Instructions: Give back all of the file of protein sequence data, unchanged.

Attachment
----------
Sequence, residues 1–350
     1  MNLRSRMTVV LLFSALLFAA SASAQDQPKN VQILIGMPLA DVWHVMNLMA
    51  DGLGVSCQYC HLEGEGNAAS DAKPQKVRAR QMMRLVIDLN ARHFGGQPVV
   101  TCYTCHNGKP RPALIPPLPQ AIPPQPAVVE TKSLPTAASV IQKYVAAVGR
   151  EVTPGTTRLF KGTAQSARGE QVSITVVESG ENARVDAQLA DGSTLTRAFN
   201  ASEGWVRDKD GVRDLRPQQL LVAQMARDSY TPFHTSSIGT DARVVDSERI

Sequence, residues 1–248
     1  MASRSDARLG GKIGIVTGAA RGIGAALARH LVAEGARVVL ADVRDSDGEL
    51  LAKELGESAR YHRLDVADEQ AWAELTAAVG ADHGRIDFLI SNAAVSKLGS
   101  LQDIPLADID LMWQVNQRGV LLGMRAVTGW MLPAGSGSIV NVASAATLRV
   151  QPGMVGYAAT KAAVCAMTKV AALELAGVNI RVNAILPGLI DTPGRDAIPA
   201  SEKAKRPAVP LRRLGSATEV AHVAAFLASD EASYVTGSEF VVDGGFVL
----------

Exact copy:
Sequence, residues 1–350
     1  MNLRSRMTVV LLFSALLFAA SASAQDQPKN VQILIGMPLA DVWHVMNLMA
    51  DGLGVSCQYC HLEGEGNAAS DAKPQKVRAR QMMRLVIDLN ARHFGGQPVV
   101  TCYTCHNGKP RPALIPPLPQ AIPPQPAVVE TKSLPTAASV IQKYVAAVGR
   151  EVTPGTTRLF KGTAQSARGE QVSITVVESG ENARVDAQLA DGSTLTRAFN
   201  ASEGWVRDKD GVRDLRPQQL LVAQMARDSY TPFHTSSIGT DARVVDSERI

Sequence, residues 1–248
     1  MASRSDARLG GKIGIVTGAA RGIGAALARH LVAEGARVVL ADVRDSDGEL
    51  LAKELGESAR YHRLDVADEQ AWAELTAAVG ADHGRIDFLI SNAAVSKLGS
   101  LQDIPLADID LMWQVNQRGV LLGMRAVTGW MLPAGSGSIV NVASAATLRV
   151  QPGMVGYAAT KAAVCAMTKV AALELAGVNI RVNAILPGLI DTPGRDAIPA
   201  SEKAKRPAVP LRRLGSATEV AHVAAFLASD EASYVTGSEF VVDGGFVL